Within hours of releasing the videotape, plaintiff called Don Nelson to tell him that a television reporter had gotten a copy of "Bubba on Patrol" and would soon broadcast it on television. Plaintiff chose not to tell Nelson that he had been the one who had given the tape to the reporter and, in fact, willfully concealed this piece of information from everyone, including Metro-North investigators and the New York City Inspector General, until his deposition in this action on January 18, 1993.

 On August 1, 1988, Nelson informed President Stangl of the videotape, and Stangl commissioned an internal investigation of all aspects of the situation. The investigator's report corroborated much of plaintiff's story with respect to the videotape, including the date he first became aware of it and his sincere belief that the Collective Bargaining Agreement barred the imposition of any discipline. The report contradicted plaintiff, however, in his assertion that he had informed Nelson of the videotape within days of learning of it himself in 1985. The investigator, supported by Nelson, concluded that plaintiff's July 1988 warning to Nelson that the videotape was soon to be broadcast had been Nelson's first indication of the videotape's existence. Based on the report, and on Nelson's confirmation, Stangl concluded that plaintiff had not reported "Bubba on Patrol" to Nelson in 1985. Stangl further concluded that plaintiff's failure to inform his superior immediately of the existence of the inflammatory and offensive videotape was conduct warranting dismissal.

 On August 3, 1988, "Bubba on Patrol" was broadcast on local New York television, generating a firestorm of controversy and outrage. Plaintiff and representatives of Metro-North commented to the press that plaintiff had sought to discipline the officers involved but had been blocked by the Collective Bargaining Agreement. Two days later, Stangl telephoned plaintiff and informed him that his employment was terminated because of his failure to notify his superior immediately of the existence of the videotape. Plaintiff protested the he had immediately informed Nelson of the videotape; he did not, however, request a hearing on the issue. Also on August 5, Metro-North issued a press release announcing plaintiff's termination and explaining that plaintiff had "made an inexcusable error in judgment by not telling either his supervisor or Stangl about "Bubba on Patrol."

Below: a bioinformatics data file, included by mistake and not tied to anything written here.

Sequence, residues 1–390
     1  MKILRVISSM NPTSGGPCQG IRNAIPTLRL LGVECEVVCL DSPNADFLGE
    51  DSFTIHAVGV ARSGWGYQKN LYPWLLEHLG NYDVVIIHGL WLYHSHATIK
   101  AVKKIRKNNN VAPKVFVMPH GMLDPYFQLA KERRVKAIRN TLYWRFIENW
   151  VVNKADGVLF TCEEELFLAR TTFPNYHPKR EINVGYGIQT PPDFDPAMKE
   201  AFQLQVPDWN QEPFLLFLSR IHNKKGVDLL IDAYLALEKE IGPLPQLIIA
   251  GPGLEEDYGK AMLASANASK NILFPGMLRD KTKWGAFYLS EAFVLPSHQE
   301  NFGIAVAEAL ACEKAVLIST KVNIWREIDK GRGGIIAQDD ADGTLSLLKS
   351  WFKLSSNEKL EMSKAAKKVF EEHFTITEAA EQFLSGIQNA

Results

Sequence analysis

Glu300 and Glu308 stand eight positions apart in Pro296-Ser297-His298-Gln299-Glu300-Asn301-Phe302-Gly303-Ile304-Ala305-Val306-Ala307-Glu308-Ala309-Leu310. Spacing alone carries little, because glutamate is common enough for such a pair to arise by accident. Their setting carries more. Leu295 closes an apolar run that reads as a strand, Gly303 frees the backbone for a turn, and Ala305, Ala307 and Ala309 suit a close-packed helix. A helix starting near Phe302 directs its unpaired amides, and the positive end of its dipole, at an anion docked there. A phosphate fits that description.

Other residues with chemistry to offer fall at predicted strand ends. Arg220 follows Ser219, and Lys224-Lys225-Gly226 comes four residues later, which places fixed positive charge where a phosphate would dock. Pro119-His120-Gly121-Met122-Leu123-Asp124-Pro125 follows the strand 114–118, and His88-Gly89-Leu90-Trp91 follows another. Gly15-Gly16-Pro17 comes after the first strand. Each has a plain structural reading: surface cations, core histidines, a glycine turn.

During the first two years following his dismissal, plaintiff spent most of his time battling the unrelated criminal indictment against him and did not look for other employment. Upon the conclusion of the criminal case, plaintiff sought employment with Conrail in Philadelphia but was told no positions were available. He did not pursue local police jobs after being told that all such jobs in New York State required civil service status, which he did not have. Nor did he seek police-type employment anywhere outside New York State. In 1993, after the instigation of this litigation, plaintiff sought reinstatement in his position with Metro-North, but his application was ignored.

 Discussion

 I. Standard for Summary Judgment

 
Rule 56(c) provides that summary ...